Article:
NASA’she completed a key part of his mission last week by successfully blocking rocks from the surface of the potentially dangerous Bennu spacecraft. The sample was so numerous that it began to leak into space, prompting an early stow movement that the mission team reported Thursday successfully.
The spacecraft traveled over 200 million miles and four years to briefly crash into Pennu, blast it with compressed gas and collect fragments of its surface. On Oct. 21, the space agency shared the first batch of images of the bold operation, revealing an elegant yet explosive moment between rock and robot.
When the spacecraft’s robotic sampling arm, called the Touch-And-Go Sample Acquisition Mechanism, or Tagsam, touched down on Spec, it performed what constitutes a cosmic pocket move. Mission planners expected the total contact time between the arm and asteroid to be less than 16 seconds. When preliminary data was released, it showed that the contact period was only six seconds, with much of the sample collection occurring in the first three only.
The spacecraft, which operates largely independently due to the 18-minute communication delay with mission control on Earth, fired a canister of gas through Tagsam and disrupted the Determination surface and forced a sample into the arm collector’s head .
Photos taken from the head on October 22 showed that so much sample was collected that some larger rocks seemed to be unable to make it all the way inside, wedging a mylar flap meant sealing ‘ The container is partially open, allowing some small pieces of dust and pebbles to escape back out into space.
A sample of stowage was originally scheduled for Nov. 2, but instead NASA moved the multi-day procedure to Tuesday.
“The abundance of material we collected from Pennu made it possible to accelerate our retention decision,” Dante Lauretta, OSIRIS-REx principal investigator at the University of Arizona, said in a statement.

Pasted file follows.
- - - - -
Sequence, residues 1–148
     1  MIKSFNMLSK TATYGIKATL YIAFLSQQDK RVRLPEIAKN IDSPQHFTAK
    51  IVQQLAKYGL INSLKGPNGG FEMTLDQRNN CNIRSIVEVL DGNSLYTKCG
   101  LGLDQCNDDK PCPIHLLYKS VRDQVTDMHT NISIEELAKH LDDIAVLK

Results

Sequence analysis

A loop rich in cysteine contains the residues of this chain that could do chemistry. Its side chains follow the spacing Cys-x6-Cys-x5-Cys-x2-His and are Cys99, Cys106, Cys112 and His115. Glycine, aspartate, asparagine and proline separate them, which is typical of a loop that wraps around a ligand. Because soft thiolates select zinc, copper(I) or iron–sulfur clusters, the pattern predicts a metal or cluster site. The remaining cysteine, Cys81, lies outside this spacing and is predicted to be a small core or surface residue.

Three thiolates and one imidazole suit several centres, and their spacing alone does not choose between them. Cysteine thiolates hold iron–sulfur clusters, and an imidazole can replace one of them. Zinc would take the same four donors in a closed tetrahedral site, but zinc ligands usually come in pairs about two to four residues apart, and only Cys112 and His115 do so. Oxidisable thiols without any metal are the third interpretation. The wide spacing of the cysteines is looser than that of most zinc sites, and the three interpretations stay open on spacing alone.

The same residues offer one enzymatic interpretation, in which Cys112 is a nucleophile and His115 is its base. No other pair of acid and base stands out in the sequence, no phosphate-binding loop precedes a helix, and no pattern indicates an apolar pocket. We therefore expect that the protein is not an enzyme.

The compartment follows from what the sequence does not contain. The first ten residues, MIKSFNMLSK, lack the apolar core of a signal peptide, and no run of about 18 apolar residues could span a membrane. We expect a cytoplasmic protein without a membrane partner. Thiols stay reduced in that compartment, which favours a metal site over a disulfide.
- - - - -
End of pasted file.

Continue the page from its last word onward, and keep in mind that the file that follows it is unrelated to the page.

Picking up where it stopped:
Osiris-Rex tags a boulder
As the spacecraft neared and then spent two years rotating and surveying Bennu, it became clear that this small world was different from what scientists expected. The team was hoping to find several sandy surfaces that are ideal for sampling, but it turns out Bennu is a rubble pile, with rough ground covered with boulders.
About 24 hours after the operation, NASA shared the first images of the spacecraft captured missile. The Tagsam moves into position and its sampling end contacts the Bennu surface before the explosive burst of nitrogen is fired. The operation initiates tons of debris flying around the acquisition arm. It’s something really!
Although the above GIF appeared relatively fast, the operation proceeded much more delicately. The arm was lowered at about 10 centimeters per second, much slower than walking speed, when it approached the sample position.
The team aims to collect about 60 grams of dust, dirt and pebbles from Bennu’s surface. He reported on Oct. 23 that he believed Osiris-Rex had collected an adequate sample and moved to begin stuffing it quickly, omitting a planned sample mass measurement and canceling brake burn to keep the spacecraft’s acceleration as low as possible.
“We’re working to keep up with our own success here, and my job is to return as large a sample as possible from Pennu,” Lauretta said.
Although the procedure to collect the sample was done independently by the spacecraft, setting up the sample is a much slower, step-by-step process, with mission control sending orders and evaluating the results before moving on to ‘ next step.
The mission joins Hayabusa from Japan andin the asteroid exploration anodes. Hayabusa sampled and returned a very small piece of material from Itokawa’s asteroid, and Hayabusa2 is in the process of returning a substantial sample of space rock Ryugu.
With the sample now stowed on Osiris-Rex, the team will begin preparing for a long trip back to Earth, with a planned landing in the Utah desert in September 2023.